Why You Shouldn't Use "Weather" And "Climate" Interchangeably

Why You Shouldn't Use
Heavy snow in Washington, DC, is an example of “weather” - not “climate”. ERIK S. LESSER/EPA-EFE

When January 2019 entered its third week, huge swathes of the US were blanketed with snow, and winter storm warnings were in place across several states. US President Donald Trump, who has made it clear that he believes climate change is an overblown hoax, took to Twitter to suggest that “a little of that good old fashioned Global Warming” would be welcome.

Trump has fallen into the same trap that many people around the world do: conflating “climate” and “weather”. The US’s current snow storms and cold snap are an example of weather - they will persist for a couple of days to a few weeks at maximum, but will eventually stop and make way for clear skies and inevitably a warm summer for much of the US.

This confusion is common. So, what is the difference between “weather” and “climate”?

At a very simple level, “weather” refers to day-to-day conditions of the atmosphere - the maximum temperature, the amount of cloud cover, the speed and direction of wind and any precipitation that might occur. “Climate” describes the average atmospheric conditions over many years - the average annual rainfall, the predominant wind direction, or the season in which rain is likely to occur. The World Meteorological Organisation states that calculating a “climate” record requires a minimum of 30 years of data.

But does that mean the rain, sun, wind, hot days and cold nights over the last 29 years is just “weather”? Not really.

Clothing provides a useful analogy in understanding this.

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Your weather wardrobe

Weather, in this analogy, can be considered by the clothes that we choose to wear on a given day. I’m writing from South Africa, where January and February are the peak of summer. At this time of year, South Africans are likely to wear shorts, t-shirts, sundresses, sandals or flip-flops and perhaps a sunhat. We are very unlikely to wear a warm winter coat, boots, a scarf or a beanie today.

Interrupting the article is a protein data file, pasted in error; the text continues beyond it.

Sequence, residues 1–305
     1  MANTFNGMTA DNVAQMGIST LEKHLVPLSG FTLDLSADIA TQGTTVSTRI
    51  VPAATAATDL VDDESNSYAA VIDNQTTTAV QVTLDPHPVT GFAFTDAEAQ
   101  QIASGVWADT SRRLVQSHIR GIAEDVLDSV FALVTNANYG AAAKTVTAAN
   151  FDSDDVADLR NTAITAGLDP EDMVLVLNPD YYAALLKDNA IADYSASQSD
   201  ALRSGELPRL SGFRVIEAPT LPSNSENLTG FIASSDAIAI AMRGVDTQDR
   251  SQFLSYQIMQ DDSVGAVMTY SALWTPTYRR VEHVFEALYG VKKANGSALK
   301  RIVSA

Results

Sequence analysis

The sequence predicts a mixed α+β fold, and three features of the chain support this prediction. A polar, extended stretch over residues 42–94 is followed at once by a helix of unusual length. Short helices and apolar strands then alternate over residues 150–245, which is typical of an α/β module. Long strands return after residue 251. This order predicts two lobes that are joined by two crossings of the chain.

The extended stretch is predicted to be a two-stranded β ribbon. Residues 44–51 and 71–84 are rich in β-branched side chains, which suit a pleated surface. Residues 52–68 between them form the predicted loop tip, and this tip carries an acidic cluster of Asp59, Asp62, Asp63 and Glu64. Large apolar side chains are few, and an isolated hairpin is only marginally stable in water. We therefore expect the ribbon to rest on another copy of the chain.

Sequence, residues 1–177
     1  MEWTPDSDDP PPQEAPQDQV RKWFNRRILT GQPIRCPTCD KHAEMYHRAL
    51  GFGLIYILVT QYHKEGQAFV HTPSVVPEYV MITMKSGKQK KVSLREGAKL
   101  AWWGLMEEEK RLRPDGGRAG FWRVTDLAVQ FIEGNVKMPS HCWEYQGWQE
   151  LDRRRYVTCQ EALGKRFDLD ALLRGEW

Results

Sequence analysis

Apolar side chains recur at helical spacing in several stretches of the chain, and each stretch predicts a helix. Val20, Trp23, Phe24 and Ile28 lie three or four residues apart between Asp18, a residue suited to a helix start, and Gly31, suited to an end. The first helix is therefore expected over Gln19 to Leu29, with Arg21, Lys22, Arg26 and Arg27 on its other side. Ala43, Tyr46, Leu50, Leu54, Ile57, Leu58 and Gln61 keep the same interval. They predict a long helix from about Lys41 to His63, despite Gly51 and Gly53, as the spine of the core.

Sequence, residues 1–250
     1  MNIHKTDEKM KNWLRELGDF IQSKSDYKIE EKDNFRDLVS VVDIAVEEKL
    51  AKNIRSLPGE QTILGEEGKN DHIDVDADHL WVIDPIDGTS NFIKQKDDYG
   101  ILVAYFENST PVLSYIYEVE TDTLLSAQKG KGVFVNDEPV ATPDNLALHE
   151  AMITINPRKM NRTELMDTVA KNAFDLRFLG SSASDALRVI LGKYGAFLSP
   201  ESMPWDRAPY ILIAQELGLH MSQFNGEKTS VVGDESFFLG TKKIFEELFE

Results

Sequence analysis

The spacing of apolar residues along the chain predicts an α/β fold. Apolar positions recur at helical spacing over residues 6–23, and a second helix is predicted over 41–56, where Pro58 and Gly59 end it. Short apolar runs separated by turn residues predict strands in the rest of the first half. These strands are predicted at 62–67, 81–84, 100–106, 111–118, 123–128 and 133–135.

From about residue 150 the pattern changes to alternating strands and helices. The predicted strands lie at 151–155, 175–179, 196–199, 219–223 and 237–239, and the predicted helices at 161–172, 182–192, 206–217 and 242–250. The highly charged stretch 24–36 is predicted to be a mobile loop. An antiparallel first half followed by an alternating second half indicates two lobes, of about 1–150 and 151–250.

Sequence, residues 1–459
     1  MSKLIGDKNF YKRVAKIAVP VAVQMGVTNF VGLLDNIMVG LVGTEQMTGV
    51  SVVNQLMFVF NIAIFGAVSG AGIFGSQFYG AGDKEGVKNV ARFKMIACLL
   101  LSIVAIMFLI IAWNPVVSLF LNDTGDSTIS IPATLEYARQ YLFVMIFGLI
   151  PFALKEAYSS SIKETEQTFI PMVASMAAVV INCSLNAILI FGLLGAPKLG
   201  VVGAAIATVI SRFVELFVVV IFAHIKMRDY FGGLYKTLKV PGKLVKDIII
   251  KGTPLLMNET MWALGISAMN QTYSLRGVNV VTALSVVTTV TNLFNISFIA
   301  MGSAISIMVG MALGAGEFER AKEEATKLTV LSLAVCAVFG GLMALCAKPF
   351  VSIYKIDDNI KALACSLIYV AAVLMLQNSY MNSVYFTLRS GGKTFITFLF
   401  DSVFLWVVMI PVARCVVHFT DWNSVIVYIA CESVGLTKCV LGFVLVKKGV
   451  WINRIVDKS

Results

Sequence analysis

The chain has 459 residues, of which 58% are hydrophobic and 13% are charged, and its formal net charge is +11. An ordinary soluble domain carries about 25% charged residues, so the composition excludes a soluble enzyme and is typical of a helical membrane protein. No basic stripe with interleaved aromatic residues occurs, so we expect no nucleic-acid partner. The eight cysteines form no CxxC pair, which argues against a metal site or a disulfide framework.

However, in South Africa’s wintertime those clothes would be a good choice – paired with warm trousers, a long-sleeved shirt and in mid-July perhaps even some thermals.

If it is a bit cooler tomorrow, with a chance of rain, we may wear closed shoes and a thin jersey. If it is even hotter we may head to the beach or the swimming pool, in which case our clothing choice for the day would involve a swimming costume and towel. So, what we wear changes day-to-day.

Climate, on the other hand, can be understood as the contents of our wardrobe. This consists of a variety of clothing: both that which suits summer weather and those items which are best worn in winter. Our wardrobe, then, represents all the weather conditions one is likely to face throughout the year, for every year that we live in a particular place.

Place is important. The wardrobe of someone living in Johannesburg, South Africa, is very different to the collection of clothes owned by a resident of Helsinki, Finland. South Africans certainly don’t need thermal clothing for sub -20°C temperatures, and Finns have little use for sundresses and shorts (unless, of course, people are heading off on holiday).

The same is true of weather and climate. The conditions experienced at one location necessarily different to those experienced at differing distance to the poles.

Improved understanding

What does this knowledge mean for our understanding of climate projections and climate forecasts?

A forecast is what you will see on the televised weather report each night, or on your phone’s weather app. It will tell you the minimum and maximum temperatures likely to occur, and the chance of rainfall. It will also include any alerts for extreme events likely to occur in the next 24 to 72 hours. The weather forecast is helping you choose what to wear.

Climate projections, whether derived from regional and global climate models or from statistical trend analysis of fluctuations over past decades, tell us about the anticipated climate in the next few decades to 100 years. These are letting us know, well in advance, that we may need to think about changing the contents of our wardrobe. We perhaps should invest in fewer thermals and thick coats, and more sundresses and shorts.

We might need to buy a more hardy umbrella or raincoat for more frequent use, or perhaps a water tank for our backyard depending on where we live. But, we do not need to spend the contents of our most recent salary on a whole new wardrobe and throw out everything we have overnight – just slowly, over years to decades, plan and adapt.The Conversation

About The Author

Jennifer Fitchett, Senior Lecturer in Physical Geography, University of the Witwatersrand

This article is republished from The Conversation under a Creative Commons license. Read the original article.

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